Nigerians Shift To Charcoal, Sawdust, Others As Cooking Gas Prices Soar
NIGERIANS are beginning to shift to dirty fuels such as sawdust and charcoal as the prices of cooking gas, also known as Liquefied Petroleum Gas (LPG), continue to rise.
The price of LPG in the Federal Capital Territory (FCT) increased from an average of N4,800 for a 12.5kg cylinder in June to about N7500-N8000 in October.
In Lagos, two persons who bought gas between early and mid-October said they paid N6,400 and N7,200 respectively. The price was below N5,000 in June, they said.
The 10.5 kg of gas costs N6,300 to N6,500 in Abuja. Same in Lagos.
A resident of Port Harcourt Johnson Wogu said he bought 10.5kg at N6,000 in late September 2021.
Acccording to warnings by gas marketers, the 12.5kg of gas is likely to cost N10,000 in the coming weeks.
Sarah Adejo, who lives in Piwoyi, Abuja, told The ICIR that she had newly acquired a charcoal stove with which she prepares food that consumes more gas such as beans.
“I don’t cook beans with gas anymore. I bought a charcoal stove and I use it to cook food that takes time to cook, like beans,” she said.
Yetunde Alade is a mother of three who lives in Mpape. She is considering the same option as Adejo and said it had been difficult keeping up with the steady increase in the price of the product.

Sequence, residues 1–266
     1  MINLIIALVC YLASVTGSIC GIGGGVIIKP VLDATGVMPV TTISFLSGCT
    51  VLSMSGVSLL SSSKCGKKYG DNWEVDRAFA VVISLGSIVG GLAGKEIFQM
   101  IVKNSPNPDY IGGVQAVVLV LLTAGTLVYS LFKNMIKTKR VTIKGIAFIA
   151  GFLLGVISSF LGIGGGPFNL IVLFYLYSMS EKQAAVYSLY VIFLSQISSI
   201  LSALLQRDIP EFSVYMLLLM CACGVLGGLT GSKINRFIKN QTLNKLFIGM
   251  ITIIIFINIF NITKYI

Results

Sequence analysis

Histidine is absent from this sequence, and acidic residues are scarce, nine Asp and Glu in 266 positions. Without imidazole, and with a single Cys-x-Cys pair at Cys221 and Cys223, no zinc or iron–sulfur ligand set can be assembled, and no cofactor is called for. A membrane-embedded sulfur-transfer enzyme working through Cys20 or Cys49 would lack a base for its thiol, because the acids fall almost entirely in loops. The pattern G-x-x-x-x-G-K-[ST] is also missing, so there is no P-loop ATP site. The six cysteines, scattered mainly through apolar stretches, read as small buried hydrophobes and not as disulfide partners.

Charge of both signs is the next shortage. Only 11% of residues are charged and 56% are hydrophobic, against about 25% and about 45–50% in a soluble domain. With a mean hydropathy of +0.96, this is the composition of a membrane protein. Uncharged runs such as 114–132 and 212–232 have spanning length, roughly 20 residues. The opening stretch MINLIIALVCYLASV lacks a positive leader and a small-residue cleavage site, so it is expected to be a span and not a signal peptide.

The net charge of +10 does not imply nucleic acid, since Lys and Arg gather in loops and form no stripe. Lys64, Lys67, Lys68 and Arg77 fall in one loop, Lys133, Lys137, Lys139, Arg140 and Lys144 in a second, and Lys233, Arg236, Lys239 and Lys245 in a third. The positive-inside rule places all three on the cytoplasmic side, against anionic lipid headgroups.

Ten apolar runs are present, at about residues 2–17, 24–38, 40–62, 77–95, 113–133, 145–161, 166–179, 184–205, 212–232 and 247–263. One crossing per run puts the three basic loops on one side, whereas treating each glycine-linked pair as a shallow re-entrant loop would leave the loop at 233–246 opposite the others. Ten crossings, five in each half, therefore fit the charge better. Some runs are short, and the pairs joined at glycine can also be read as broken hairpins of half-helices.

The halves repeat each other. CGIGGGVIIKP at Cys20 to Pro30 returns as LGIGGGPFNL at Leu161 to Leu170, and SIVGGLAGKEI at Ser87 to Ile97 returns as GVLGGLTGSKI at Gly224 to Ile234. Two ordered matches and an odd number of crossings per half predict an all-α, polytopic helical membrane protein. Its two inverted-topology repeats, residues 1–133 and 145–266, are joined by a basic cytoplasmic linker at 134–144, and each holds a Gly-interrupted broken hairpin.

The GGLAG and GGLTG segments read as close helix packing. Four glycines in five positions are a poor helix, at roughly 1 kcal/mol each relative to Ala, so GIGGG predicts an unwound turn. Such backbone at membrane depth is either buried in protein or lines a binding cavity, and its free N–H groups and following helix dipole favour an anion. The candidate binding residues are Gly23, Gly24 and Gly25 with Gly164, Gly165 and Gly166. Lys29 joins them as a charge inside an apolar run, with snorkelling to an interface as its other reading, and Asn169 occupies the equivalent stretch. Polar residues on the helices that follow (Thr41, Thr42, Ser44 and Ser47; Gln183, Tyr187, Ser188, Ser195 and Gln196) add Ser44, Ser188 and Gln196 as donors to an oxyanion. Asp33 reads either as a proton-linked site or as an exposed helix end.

A caterer Ebere Onyeali told The ICIR that she had resorted to use of charcoal for her cooking, stressing that most of her customers would not be able to pay beyond N400 per plate of food if she decided to raise the price.
“Charcoal is cheaper for me. The only difference is that I have to wake up very early to cook because charcoal takes time to get the food done.”
She urged the government to come up with incentives to ensure that price of gas was affordable to the common man.
Pape, Abuja-based Usman Aliyu, said he had moved to sawdust, which he could easily acquire with N1,000.
Tochukwu Ezemba, a resident of Onitsha in Anambra State, said his family now uses kerosene stoves, which it had abandoned five years ago.
“We use kerosene stoves now. We also have a ‘saw dust stove.’ The problem with them, however, is that they waste a lot of time. Also, the sawdust stove emits a lot of smoke.”